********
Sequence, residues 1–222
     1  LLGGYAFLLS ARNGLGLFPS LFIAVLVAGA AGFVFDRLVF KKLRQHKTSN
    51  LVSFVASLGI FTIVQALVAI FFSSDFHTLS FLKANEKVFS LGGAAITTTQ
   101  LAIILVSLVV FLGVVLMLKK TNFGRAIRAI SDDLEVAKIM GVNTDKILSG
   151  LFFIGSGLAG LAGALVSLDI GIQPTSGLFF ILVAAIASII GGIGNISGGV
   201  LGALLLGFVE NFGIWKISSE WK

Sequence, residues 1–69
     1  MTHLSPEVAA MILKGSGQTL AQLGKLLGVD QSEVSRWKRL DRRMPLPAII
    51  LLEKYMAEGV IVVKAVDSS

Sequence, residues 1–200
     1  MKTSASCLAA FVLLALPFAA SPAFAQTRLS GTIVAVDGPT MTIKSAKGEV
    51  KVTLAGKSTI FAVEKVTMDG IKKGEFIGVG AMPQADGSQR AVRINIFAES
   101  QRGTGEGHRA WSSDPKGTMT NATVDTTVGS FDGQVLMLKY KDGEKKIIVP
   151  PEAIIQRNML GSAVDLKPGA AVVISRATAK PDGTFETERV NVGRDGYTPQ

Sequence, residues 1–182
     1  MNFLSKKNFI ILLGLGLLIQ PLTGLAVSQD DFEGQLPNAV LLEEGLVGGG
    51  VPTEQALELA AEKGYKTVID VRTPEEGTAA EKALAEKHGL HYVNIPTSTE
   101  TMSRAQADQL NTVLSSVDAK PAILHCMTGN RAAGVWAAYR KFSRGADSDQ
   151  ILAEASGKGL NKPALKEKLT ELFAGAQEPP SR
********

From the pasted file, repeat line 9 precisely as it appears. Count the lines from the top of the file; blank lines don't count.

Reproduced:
    51  LLEKYMAEGV IVVKAVDSS